In the Supreme Court Program, he benefited from classmates’ feedback in a workshop type of environment. “As a class, we worked together to identify conflicts among decisions in lower courts nationwide that might be ripe for the Supreme Court’s review. Andy and Rick consistently encouraged us to dig deeper into the reasoning underpinning each decision, and my classmates’ questions during my case presentations required me to have command of the details of each case. I learned a ton about how to read decisions very carefully to understand how the way one court applied the law is different from the way another court applied it. That’s definitely a skill I will continue to refine throughout my career,” Gillette says.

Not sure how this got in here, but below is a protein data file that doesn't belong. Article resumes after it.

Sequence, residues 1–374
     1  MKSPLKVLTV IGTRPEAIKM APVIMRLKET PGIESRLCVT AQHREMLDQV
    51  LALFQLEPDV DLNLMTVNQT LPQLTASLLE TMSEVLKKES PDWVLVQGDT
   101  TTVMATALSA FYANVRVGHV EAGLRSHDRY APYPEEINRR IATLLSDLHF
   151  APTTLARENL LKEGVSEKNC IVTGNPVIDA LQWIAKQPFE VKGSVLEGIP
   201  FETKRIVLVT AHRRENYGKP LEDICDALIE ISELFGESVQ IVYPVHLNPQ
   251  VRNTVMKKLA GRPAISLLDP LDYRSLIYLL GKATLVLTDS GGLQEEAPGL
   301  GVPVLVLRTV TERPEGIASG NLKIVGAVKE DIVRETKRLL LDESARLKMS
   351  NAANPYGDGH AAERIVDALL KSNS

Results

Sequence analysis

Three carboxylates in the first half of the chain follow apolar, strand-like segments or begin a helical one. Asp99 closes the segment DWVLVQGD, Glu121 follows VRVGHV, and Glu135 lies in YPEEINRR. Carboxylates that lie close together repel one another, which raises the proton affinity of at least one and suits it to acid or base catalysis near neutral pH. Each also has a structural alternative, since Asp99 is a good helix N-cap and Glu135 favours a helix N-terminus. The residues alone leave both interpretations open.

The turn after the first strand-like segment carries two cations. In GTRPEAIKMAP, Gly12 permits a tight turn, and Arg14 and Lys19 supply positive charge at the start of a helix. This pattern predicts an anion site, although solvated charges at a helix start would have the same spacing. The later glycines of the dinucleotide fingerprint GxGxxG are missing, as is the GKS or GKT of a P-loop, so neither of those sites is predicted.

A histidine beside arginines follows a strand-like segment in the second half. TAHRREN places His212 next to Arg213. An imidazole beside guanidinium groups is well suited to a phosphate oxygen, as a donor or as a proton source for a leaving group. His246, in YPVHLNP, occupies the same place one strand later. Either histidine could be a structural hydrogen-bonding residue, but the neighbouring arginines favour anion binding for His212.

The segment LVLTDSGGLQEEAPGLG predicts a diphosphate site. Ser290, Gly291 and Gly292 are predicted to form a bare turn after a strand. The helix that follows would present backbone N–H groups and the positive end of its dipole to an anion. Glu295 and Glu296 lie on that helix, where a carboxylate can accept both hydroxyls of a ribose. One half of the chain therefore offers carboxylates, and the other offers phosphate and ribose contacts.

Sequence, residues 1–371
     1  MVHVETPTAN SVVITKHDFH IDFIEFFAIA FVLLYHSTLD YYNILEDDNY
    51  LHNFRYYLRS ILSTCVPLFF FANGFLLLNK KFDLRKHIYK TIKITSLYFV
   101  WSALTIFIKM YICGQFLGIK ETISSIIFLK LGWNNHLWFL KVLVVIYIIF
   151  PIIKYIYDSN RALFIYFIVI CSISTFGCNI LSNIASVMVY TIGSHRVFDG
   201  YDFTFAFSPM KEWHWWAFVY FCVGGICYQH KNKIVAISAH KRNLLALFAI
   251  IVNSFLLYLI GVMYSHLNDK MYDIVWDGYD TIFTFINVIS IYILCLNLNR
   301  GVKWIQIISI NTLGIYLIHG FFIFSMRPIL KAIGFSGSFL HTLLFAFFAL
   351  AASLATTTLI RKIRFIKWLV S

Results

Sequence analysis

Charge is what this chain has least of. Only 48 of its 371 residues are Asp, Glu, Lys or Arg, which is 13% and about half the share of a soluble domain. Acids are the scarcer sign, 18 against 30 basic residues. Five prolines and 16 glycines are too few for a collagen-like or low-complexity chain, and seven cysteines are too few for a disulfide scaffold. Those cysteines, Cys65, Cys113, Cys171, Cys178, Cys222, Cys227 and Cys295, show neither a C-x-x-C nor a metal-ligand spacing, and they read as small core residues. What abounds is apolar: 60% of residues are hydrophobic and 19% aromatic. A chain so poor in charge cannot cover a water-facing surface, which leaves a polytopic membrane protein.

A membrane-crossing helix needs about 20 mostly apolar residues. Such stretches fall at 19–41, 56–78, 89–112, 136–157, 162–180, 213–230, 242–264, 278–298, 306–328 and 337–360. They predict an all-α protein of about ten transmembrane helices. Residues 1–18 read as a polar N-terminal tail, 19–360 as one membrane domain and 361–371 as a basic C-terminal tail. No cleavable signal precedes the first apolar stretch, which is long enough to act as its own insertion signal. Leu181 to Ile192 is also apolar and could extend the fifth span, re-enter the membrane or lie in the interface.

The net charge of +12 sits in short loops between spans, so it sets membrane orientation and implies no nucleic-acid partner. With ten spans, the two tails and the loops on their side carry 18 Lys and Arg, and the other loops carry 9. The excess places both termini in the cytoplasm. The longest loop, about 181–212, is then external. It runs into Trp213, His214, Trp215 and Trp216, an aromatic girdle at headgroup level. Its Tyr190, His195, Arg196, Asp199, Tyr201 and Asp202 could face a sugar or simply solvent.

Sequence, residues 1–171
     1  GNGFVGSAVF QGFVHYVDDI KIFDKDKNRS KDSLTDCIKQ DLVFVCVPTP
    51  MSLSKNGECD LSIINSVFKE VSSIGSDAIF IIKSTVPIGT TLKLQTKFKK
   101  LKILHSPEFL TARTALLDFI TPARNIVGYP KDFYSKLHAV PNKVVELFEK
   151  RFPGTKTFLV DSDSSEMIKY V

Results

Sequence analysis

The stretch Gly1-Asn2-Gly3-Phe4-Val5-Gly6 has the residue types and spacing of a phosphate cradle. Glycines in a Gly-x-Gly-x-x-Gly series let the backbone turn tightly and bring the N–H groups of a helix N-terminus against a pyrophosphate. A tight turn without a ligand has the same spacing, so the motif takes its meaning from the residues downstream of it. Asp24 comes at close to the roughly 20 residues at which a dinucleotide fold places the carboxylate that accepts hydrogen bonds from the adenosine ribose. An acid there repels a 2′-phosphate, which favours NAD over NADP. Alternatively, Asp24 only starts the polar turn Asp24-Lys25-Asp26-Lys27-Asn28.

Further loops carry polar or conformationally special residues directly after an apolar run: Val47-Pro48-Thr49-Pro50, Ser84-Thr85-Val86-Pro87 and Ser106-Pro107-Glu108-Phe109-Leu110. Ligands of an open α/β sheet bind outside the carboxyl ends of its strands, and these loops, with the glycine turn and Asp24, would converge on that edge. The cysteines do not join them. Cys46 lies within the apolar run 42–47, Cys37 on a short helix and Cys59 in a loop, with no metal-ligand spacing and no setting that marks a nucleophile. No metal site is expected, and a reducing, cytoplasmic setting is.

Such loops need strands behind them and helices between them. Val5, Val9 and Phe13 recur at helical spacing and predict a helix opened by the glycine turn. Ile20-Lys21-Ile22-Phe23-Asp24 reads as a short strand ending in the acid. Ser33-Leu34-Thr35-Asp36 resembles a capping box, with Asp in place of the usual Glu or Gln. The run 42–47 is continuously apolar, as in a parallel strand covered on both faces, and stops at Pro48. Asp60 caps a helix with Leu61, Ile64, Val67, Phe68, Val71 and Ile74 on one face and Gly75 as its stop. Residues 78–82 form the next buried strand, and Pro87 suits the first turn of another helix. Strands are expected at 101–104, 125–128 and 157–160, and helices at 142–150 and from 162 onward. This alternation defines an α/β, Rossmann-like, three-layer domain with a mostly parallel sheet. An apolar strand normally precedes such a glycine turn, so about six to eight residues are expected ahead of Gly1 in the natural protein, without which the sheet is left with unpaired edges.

Hessick believes his program provides students with an unusually impactful law school experience that will inform their careers. “I would love to continue down this path, having students participate in cases like this and see what it’s like to litigate before the court. It would be a really good experience for them,” he says.

For Gillette, his cert petition work will be an inspiration for pro bono cases in the years ahead.

“Most attorneys go through their careers and never get to be a part of something like this. But I can point to a lot of people in my corner who helped make it happen,” he says. “It was unquestionably a highlight of my law school experience.”